Greetings to all our Friends of Hwange supporters

Elephant herd in Hwange National Park

The long-awaited summer rains in Hwange National Park have been extremely patchy his year. The north west areas around Sinamatella and Robins have had good recent rainfall, but the Main Camp, central and southern parts of the Park have not had nearly enough. Thankfully, despite the shortage, the timing of what rain has fallen has enabled vegetation to recover well from heavy elephant pressure, and for now the park is lush and green. The movement of elephant back south at the end of the dry season has also allowed the solar pumps to work their magic and fill up the pans.

After consultation with the Parks Authorities and Ecologists it has been agreed that the northern part of the Park has enough pumped pans. Drilling more boreholes to provide additional water points would serve to attract yet more elephants to areas that are already under heavy pressure.

Therefore, Parks Authorities have requested we establish some permanent water towards the southern areas of the park in an effort to spread the animals around. Additionally, these pans will provide a welcome drink for elephants and buffalo passing through on their migratory route from Botswana to the northern areas of Hwange National Park at a time when water in the natural pans is limited.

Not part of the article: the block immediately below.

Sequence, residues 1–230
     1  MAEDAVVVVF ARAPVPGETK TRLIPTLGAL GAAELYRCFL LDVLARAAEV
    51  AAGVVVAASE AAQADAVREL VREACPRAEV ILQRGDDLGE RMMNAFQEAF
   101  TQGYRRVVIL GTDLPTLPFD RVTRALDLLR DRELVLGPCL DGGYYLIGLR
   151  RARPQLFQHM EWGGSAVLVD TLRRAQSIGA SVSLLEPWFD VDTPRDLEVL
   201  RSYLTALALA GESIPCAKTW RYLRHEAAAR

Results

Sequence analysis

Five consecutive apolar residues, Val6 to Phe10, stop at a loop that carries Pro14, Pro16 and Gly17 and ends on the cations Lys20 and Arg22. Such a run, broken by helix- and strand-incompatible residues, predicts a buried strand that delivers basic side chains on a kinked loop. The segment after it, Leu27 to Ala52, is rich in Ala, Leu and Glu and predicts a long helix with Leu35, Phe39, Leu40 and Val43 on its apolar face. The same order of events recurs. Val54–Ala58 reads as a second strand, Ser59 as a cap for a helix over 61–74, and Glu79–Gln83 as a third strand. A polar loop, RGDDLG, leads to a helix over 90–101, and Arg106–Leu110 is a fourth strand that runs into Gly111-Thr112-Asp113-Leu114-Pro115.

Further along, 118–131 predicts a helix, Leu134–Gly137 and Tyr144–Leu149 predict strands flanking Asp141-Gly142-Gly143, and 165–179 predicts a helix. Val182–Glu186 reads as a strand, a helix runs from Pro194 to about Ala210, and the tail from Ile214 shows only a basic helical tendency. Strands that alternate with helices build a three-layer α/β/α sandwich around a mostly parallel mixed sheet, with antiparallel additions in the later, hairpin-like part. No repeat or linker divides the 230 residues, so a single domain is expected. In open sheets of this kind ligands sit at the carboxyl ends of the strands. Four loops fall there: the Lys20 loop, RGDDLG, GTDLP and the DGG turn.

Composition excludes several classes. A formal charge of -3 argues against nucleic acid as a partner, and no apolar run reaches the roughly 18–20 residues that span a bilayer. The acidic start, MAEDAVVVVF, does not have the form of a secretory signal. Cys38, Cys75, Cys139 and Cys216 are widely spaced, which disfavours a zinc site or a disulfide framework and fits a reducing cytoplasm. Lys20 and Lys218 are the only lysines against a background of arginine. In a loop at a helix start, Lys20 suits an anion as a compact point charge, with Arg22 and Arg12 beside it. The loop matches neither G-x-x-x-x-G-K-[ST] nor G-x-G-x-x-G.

Vultures catching the sun in Hwange National Park

Nature’s most important scavengers.

Beaver, Basha and Mitswiri have been selected as the pans to target for installation of solar pumps. These pans are remote, so logistics of transport will be tricky, and costs will be high. Any financial support would be much appreciated. See website to donate.

Apart from providing water for the animals and birds we have decided to increase our involvement in the overall ecology and habitat of Hwange and surrounding areas. Following several disastrous poisoning incidents in recent years, with populations plummeting towards extinction, the safety of vultures is of major concern. Vultures as a family are one of the most endangered on the African continent and yet one cannot imagine Africa’s skies without these iconic avian wonders. They are nature’s clean-up crew and in their absence proliferation of diseases like anthrax, rabies, tuberculosis and botulism are the order of the day. Vultures clean the landscapes like no other – nature’s most successful and important scavengers.

 

We work closely with staff of Birdlife Zimbabwe who are doing their best to ensure that natural ecosystems, including precious wetlands, survive throughout the country. Join us and become a “Champion of Nature” to support this vital work.
Any amount is appreciated – it all goes to a good cause.

Grateful thanks for your generosity over the last few years as it really has made the difference between life and death for the wildlife.Cheetah enjoying the filled pans in Hwange

Source & images: Friends of Hwange Trust